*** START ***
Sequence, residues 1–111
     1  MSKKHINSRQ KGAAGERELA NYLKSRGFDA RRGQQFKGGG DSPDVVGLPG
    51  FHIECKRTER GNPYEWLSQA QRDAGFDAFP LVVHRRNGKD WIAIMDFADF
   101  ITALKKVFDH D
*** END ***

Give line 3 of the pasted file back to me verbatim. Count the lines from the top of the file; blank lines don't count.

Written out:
    51  FHIECKRTER GNPYEWLSQA QRDAGFDAFP LVVHRRNGKD WIAIMDFADF